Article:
Different place cells fire in different places. This figure shows the firing of 32 different place cells relative to the rat’s location in a square box (red = higher firing, blue = lower firing). (from O’Keefe, Nobel Lecture, 2004)

Unlike O’Keefe’s rats, we don’t normally spend all our time hanging out in one room. That’s why it’s important that the hippocampus can maintain multiple maps corresponding to different environments.

We know that these are different maps because the same place cell typically responds to different locations within different environments: a cell that fires when you’re in the far right corner of your bedroom might fire when you’re in the far left corner of your office. So single cells can’t actually tell you whether you’re in your bedroom or your office, but combinations of place cells with different response properties collectively create a map of each environment.

Astute readers might be wondering where the heck place cells come from. After all, it’s not like we’re born knowing what our future homes and offices will look like. That’s why any internal map of external space clearly requires experience—sensing and exploring the environment to keep track of spatial cues and landmarks. Scientists are still trying to figure out how exactly this happens.

Another layer to the map

Experiments aimed at determining where the “place signals” of hippocampal place cells come from actually led to the discovery of a second type of “map” cell. Throughout the 1980s and 1990s, scientists believed those place signals were computed within the hippcampus itself, as opposed to being transmitted from a different brain area.

But two Norwegian scientists, Edvard and May-Britt Moser, performed experiments that cast doubt on this theory. By cutting off different inputs to the place cells, the Mosers obtained data suggesting that a nearby brain region, the entorhinal cortex, might transmit “place” information to the hippocampus. If so, the entorhinal cortex should contain place cells too.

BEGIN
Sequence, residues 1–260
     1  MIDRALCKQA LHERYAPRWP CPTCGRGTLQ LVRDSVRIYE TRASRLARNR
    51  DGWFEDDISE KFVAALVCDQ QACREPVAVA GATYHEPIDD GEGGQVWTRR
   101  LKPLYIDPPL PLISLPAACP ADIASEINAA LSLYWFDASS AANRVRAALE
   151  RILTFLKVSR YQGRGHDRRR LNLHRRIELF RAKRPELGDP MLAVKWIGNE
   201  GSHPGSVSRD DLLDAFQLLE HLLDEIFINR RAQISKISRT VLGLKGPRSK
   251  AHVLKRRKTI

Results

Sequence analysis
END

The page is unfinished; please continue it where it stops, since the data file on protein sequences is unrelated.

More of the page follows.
grid-cell-firing

Grid cell firing. As above, the black line indicates the path of a rat exploring a square box and red dots show where the rat was when the cell fired. The firing pattern forms a hexagonal grid. (from Moser et al., 2015)

So the Mosers decided to record activity from the entorhinal cortex and look for place cells. At first they got excited: they saw cells that clearly fired when the rat passed through specific locations. But these cells looked different from hippocampal place cells. Mainly, they didn’t just fire in one location, like normal place cells; each cell fired when the rat was in several different locations in the cage.

Once the Mosers started letting their rats roam larger arenas, the pattern became obvious: each entorhinal cell fired in regularly spaced locations that formed a hexagonal grid. The Mosers named them “grid cells”.

Unlike place cells, grid cells fire in the same exact grid-like pattern even in totally different environments. The grids formed by different grid cells differ in multiple ways: they can be offset to one another, oriented at a different angle, or more widely or narrowly spaced. Like the place cells, then, the grid cells also cover all points in space.

Living on the grid

The Mosers suggested that grid cells form a coordinate system that helps our brain read out the spatial map in the hippocampus. As anyone who’s ever read a map should know, it’s a lot easier to calculate distances and routes between different points if the map contains an overlaying grid. More widely spaced grids might be important for reading a larger, more zoomed out map, and vice versa for more narrowly spaced maps.